Hello! Yes, it’s me, please don’t fall over in shock! I know I’ve been awol for a while whilst getting to grips with the final dissertation for my studies. Today is allocated to studying, well, in my functional moments anyway! However, I’m in a lot of pain from how I’ve been sitting so I’ve moved to the sofa (complete with duvet and hot water bottle, of course) and rather than faff about online doing unproductive things whilst I wait for the pain levels to calm down a bit, I decided to pop in here and wish you all…. (wait foooor iiiiiit…)….. a very happy first ever “International Happiness Day”!
Seeing as my brain is full of study and it’s a more painy day than usual I don’t relish the thought of going out for a physio walk today and getting told to be happy, when I’m concentrating on moving through the pain! But I do like the idea of formulating some replies that would subtly inform whilst making me laugh hilariously at their surprise at my daring to be so jokey about such a serious subject as my health! (Twisted sense of humour, much?) 😉
I remember a horrific physio walk, back in my early physio days. The physio experience got soooo much better because I persevered with it, but this was back when I was desperately trying to slowly make it around the (very small) block without bursting into tears. Then the ruddy postman cheerfully suggested to me that I should “cheer up love, it may never happen!” as he passed me by. Okay, so the thought of punching him in the face did occur to me in my imagination, but in reality I just feigned a smile and promptly burst into tears the moment he’d turned away.
We all know those days. But I’ve found that happiness creeps into my life in new ways. Admittedly I look for it because I want to be happy. I’ve spent time thinking about what truly makes me happy, and it really is the simple things that make me both happy and kinda peaceful on the inside, too.
I smile when the sun shines. I really enjoy a nice cup of tea (oh okay, many many cups of tea!). I adore my friends near and far, (some of my closest friends are beautiful souls I met through online CRPS groups, and even lovelier is that they are beginning to meet those of my closest friends who know me from the 3D world and they are becoming friends with each other, too. *glee*).
I loved hearing the first Spring birdsong a while ago (Spriiiing is on the way… waaarmth is on the way! Okay, so we’ve had more snow since then but I didn’t foresee that at the time so I still smiled at the Spring songstrel)!
I set myself little goals because that way I am not endlessly fighting to get to a far-off distant goal. Instead I achieve little goals along the way to the big goal, each of which gives me a sense of achievement and makes me smile. It brings a feeling of capability and self-worth with it, too. Often my big goals are questionable as to whether I can actually achieve them, but my view is that I don’t know if I don’t try, and if I achieve lots of little goals along the way then every bit is an achievement to be proud of, however far I do or don’t get in the broader picture.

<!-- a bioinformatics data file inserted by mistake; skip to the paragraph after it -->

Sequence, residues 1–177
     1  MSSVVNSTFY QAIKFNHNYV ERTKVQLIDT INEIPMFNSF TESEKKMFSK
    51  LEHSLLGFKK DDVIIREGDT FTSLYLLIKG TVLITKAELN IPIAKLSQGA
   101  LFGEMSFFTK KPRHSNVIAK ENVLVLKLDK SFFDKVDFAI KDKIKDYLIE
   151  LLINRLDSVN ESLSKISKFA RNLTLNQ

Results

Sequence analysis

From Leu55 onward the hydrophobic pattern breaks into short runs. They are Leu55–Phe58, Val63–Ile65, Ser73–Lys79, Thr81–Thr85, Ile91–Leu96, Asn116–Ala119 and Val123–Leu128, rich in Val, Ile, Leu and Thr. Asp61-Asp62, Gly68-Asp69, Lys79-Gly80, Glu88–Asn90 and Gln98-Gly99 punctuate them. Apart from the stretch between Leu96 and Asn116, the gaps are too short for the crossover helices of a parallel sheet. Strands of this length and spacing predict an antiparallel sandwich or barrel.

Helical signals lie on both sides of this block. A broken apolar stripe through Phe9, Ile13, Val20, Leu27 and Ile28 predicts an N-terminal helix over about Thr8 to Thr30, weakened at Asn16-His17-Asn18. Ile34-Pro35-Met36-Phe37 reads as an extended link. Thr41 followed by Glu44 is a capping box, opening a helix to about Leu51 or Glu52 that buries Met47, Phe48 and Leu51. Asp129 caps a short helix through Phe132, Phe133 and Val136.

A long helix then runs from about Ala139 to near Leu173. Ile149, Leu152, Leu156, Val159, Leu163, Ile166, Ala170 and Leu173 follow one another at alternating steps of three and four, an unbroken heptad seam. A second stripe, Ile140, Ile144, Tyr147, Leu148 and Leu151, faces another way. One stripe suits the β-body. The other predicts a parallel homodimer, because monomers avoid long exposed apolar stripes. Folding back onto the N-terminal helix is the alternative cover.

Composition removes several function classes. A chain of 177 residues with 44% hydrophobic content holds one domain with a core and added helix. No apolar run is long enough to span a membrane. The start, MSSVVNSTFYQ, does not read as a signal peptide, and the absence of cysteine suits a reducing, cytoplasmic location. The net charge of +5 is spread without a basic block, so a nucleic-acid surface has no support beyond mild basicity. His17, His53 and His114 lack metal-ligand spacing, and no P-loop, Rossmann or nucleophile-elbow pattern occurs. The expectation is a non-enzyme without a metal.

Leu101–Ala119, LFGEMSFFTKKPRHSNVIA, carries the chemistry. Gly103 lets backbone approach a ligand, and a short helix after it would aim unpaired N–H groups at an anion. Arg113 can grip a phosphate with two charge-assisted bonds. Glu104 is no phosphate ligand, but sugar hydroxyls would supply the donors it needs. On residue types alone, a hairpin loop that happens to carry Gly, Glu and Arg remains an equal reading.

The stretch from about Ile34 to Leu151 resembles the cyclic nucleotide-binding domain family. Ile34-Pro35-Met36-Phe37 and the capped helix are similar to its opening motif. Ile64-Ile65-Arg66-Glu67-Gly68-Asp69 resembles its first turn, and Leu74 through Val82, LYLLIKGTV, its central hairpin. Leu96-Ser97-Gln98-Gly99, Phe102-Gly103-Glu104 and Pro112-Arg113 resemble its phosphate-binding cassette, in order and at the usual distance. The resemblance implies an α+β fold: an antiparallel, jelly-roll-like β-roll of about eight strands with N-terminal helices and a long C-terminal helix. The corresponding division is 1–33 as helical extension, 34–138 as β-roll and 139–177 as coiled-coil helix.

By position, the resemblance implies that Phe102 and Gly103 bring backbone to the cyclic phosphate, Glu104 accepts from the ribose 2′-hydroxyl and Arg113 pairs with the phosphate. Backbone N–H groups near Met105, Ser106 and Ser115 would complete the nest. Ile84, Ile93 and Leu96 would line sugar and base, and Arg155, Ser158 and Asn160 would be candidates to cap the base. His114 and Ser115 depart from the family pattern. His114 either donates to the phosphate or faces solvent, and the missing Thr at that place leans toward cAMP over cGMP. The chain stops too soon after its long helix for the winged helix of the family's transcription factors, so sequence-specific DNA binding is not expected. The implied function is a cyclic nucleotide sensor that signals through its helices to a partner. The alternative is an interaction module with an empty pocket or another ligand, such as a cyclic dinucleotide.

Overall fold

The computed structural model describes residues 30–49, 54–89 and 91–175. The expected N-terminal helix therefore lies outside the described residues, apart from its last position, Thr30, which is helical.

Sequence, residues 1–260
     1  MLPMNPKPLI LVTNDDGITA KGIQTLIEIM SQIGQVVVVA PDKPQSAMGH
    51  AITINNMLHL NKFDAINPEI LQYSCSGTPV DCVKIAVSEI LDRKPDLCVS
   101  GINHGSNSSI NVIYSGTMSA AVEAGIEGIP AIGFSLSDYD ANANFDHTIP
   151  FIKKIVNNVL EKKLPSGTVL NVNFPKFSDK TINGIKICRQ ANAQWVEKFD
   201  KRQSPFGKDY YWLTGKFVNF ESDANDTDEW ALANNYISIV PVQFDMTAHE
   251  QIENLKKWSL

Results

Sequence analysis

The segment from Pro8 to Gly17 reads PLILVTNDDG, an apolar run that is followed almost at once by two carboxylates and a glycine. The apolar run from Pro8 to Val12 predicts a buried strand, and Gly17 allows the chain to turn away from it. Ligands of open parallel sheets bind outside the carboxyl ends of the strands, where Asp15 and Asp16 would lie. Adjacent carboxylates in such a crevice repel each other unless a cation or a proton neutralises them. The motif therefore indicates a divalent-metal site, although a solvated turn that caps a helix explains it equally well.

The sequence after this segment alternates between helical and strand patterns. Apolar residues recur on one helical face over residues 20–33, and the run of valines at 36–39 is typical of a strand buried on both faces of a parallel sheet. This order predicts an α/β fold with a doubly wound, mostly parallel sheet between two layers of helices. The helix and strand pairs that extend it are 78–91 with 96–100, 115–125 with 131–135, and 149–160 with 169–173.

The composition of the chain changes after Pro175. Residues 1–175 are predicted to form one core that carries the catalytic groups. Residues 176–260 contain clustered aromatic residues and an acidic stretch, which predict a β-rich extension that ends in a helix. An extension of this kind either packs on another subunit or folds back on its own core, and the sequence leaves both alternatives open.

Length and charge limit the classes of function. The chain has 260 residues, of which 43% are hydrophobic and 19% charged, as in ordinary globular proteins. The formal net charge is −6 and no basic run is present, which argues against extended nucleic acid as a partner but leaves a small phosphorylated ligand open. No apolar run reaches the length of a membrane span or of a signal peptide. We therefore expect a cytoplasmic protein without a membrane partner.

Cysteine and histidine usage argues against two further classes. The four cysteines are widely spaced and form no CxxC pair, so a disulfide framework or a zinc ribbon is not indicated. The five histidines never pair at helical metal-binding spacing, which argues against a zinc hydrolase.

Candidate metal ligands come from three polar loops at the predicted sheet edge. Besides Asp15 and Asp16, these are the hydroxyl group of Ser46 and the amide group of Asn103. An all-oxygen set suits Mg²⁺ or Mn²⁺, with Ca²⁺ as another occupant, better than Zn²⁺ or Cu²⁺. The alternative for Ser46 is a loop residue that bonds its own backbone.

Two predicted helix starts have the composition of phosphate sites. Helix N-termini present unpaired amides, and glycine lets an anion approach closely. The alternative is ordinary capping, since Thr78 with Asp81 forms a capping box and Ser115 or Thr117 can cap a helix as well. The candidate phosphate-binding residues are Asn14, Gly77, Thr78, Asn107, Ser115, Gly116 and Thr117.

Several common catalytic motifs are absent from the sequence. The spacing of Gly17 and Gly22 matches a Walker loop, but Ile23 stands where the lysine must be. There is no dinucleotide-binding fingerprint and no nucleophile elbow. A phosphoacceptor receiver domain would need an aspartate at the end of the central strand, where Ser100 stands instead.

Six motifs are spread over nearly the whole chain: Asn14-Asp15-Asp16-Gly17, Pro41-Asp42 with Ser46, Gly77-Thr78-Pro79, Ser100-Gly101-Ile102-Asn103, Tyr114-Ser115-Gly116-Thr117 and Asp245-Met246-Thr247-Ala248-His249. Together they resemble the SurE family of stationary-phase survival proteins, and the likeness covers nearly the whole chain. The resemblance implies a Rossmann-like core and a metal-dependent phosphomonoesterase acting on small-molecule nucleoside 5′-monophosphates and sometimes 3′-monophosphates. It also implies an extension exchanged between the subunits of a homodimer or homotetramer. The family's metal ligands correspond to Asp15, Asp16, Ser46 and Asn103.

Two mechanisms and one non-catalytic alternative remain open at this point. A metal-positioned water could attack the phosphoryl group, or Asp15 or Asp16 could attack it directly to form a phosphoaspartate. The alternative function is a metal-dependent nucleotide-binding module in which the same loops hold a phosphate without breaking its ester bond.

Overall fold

For example… I’d love to do a PhD, so I’m battling my health to get my masters degree. I don’t really expect to get a PhD, but I expect to keep looking into the possibilities and seeing if there’s a format that could work for me. Never say never, right?!
Another example… I’d love to represent my country doing Tai Chi at the Paralympics, but Tai Chi isn’t a part of the Paralympics and won’t be any time in the foreseeable future. (Yep, I even emailed the International Paralympic Committee to ask! Well, if you don’t ask, you don’t get, right?! tee hee). I’m not saying I’m that good, but I do tend to aim high these days just to see what is possible. I’m still working on improving my Tai Chi as much as I can for as long as I can. I see it as something which can help me through my life into my grey-haired years (which, between you and me, I appear to be embarking upon already but they’re not too noticeable, yet, shhhhh 😉 ). One of the keys with CRPS is the balance between activity and rest, for me Tai Chi is a perfect activity challenge. (Here’s another secret… I’m even entering a big Tai Chi tournament! I figured, “why not?” It’s ‘only’ a beginners classification. I’d love to whoop some able-bodied asses with my slow-mo’ disabled styleeee, hehehe)!
I also wanted to do something to help my fellow CRPS patients, hence this blog came into existence. But with my professional(ish – my health stopped me from working after the psych’ degree) background training I wanted to do some research that would help in a more professional capacity. It’s all very well being an ‘expert patient’, but I figured a paper from a ‘researcher’ has more weight with the multi-disciplinary professionals involved, (not much more weight, but a bit, hey?). So I’ve spent my final masters module doing just that. Goodness knows if I’ll get these pain levels down enough to hit the dissertation deadline and pass, but after that I’ll have no deadline, and I will have the time to spend on writing a paper to share.
All this stuff, broken down into little chunks, little achievements, little moments of joy, (yes I’m still adding to my Jar of Joy!), moments of happiness both the big (a bronze medal at a little local interclub tournament last November. I know I didn’t write a post about it, I should have but I was feeling shy about it at the time. I think the reality has sunk in a bit more, now!) and the small (the sun shining in through the window whilst I sip a lovely cup of tea). I have soooo much happiness these days, I know it sounds weird but I can’t really explain it other than to say that my wants and appreciations in life have changed. Not that they’ve been downgraded, although it used to feel that way during the earlier stages of transformation, it’s actually more that I’ve recaptured my childlike appreciation of the things that we so easily grow to miss as busy responsible adults. Perhaps that’s why I like hanging out with the nieces so much! They’re about the same age as I am in my heart these days 😉